The Red Sea route has held its position of previous weeks as the most cost-effective arb into Europe, but recent developments have altered the picture.
A downturn in European sales prices has not only closed the door on the Red Sea arbitrage but has closed all other arbs into Europe until the distant horizon of Q2/Q3 2024.
Rotterdam’s LR2 sales prices tell the tale, sliding from a promising +$23 to a less enticing +$10/mt versus the October ICE GO Future.
This pricing shift echoes throughout the market, dampening the spirits of ICE GO spreads and cracks with October’s ICE GO crack falling from +$36.50 to +$33.50/bbl in the last week.
The Heating Oil versus Gasoil (HOGO) spread narrowed this week from +22.5 to +17.50 cpg, influenced by a partial rollback of Russia’s export ban and the lowest Renewable Volume Obligation (RVO) levels since December 2021.
Interestingly, the USGC Transatlantic (TA) arbitrage has risen in terms of cost-effectiveness into Europe, surpassing WCI and matching AG arb econs.
While the TA arb hasn’t fully opened, reports from US sources indicate an uptick in cargo sales destined for this route. Europe seems poised to welcome these additional shipments.
AG and Red Sea cargoes maintain their westward preference of previous weeks, although the above-mentioned price fluctuations combined with increasing Singapore sales prices and a modest narrowing of the East/West spread have left WCI cargoes evenly balanced between East and West landings.
Despite ARA stocks maintaining relative stability, the closure of all European arbitrage opportunities for Q4 2023 raises questions about the future. We anticipate increases in European sales prices, spreads, and cracks that will breathe life into these closed arbs.
The USGC has asserted itself as the most cost-effective source for a multitude of Latam destinations, with Brazil at the forefront.
Several factors contribute to this resurgence, including the Russian export ban, a noteworthy drop in the USGC differential (reaching its lowest point since February before the Russian diesel sanctions), and above-mentioned shifts in the HOGO.
Notably, more vessels are navigating this route, illustrated by vessels like LRs Flagship Violet and UOG Harriet G.
This cost-effectiveness extends beyond Brazil, as the USGC now challenges Asian-origin barrels even into Argentina and along the West Coast of Latin America. The absence of Russian products, akin to West Africa’s situation, drives Argentina to source its barrels increasingly from ARA.
Nevertheless, the West Coast of Latin America and the US continues to draw substantial volumes from Asia (diesel and jet fuel), in large part due to persistent challenges at the Panama Canal.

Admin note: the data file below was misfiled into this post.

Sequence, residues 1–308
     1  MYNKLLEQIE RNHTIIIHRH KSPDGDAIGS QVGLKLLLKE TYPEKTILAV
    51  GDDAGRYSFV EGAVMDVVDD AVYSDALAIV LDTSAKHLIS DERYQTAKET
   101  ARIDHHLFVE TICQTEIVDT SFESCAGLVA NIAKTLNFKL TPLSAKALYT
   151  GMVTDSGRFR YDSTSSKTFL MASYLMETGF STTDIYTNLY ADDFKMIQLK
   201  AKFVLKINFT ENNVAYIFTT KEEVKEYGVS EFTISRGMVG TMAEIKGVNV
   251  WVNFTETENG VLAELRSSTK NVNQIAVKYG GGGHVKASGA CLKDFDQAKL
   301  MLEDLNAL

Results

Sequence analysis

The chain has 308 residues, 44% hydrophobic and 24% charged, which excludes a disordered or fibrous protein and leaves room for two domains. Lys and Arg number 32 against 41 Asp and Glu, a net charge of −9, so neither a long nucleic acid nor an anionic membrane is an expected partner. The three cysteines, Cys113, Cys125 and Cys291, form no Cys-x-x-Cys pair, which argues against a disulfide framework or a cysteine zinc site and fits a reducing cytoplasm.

Although October Heating Oil (HO) crack swaps experienced a dip this week, declining from +$44.50 to +$40 /bbl, the need for HO cracks to remain at these elevated levels in the short to medium term remains pressing.
Such a rebound is vital to continue to incentivise ULSD production and to secure or retain cargoes, especially as the winter season looms on the horizon.
Taiwanese and South Korean barrels continue to vie for the position of most cost-effective option for deliveries to Singapore.
This rivalry persists despite both nations seeing their FOB prices rise in recent weeks, primarily due to the strong demand from the West Coast of the United States and Latin America.
The Russian export ban has played a role in bolstering Singapore’s sales prices, providing an advantageous backdrop for these Asian barrels.
Additionally, the increased FOB premia in the West Coast of India (WCI) further strengthen the position of South Korean and Taiwanese barrels as the top choices for Singapore-bound shorts.
However, recent fluctuations have impacted Singapore’s diesel cracks, with October cracks slipping from +$31 to +$29.50 /bbl over the past week.
This decline can be attributed to an anticipated surge in Chinese distillate exports for October, with market participants estimating exports of 1.2 to 1.3 million mt of gasoil and 1.4 to 1.86 million mt of jet fuel.
This growing volume of Chinese jet fuel exports have contributed to October’s Singapore regrade moving to its widest recorded position, reaching -$2.95 /bbl this week.
Consequently, arbitrage opportunities from the AG and WCI into Europe for November arrival are nearly open, and the prospect of increased Asian-origin jet fuel arbitrage opportunities to Europe and the United States is on the horizon.
This is especially as we have seen European sales prices increase sharply of late with European LR2 sales premia having moved to their highest level since January 2023 this week.
James Noel-Beswick is Commodity Owner for Sparta. Before joining Sparta, James worked as an analyst for likes of BP and Shell, and leads our continued development of the distillate product vertical.
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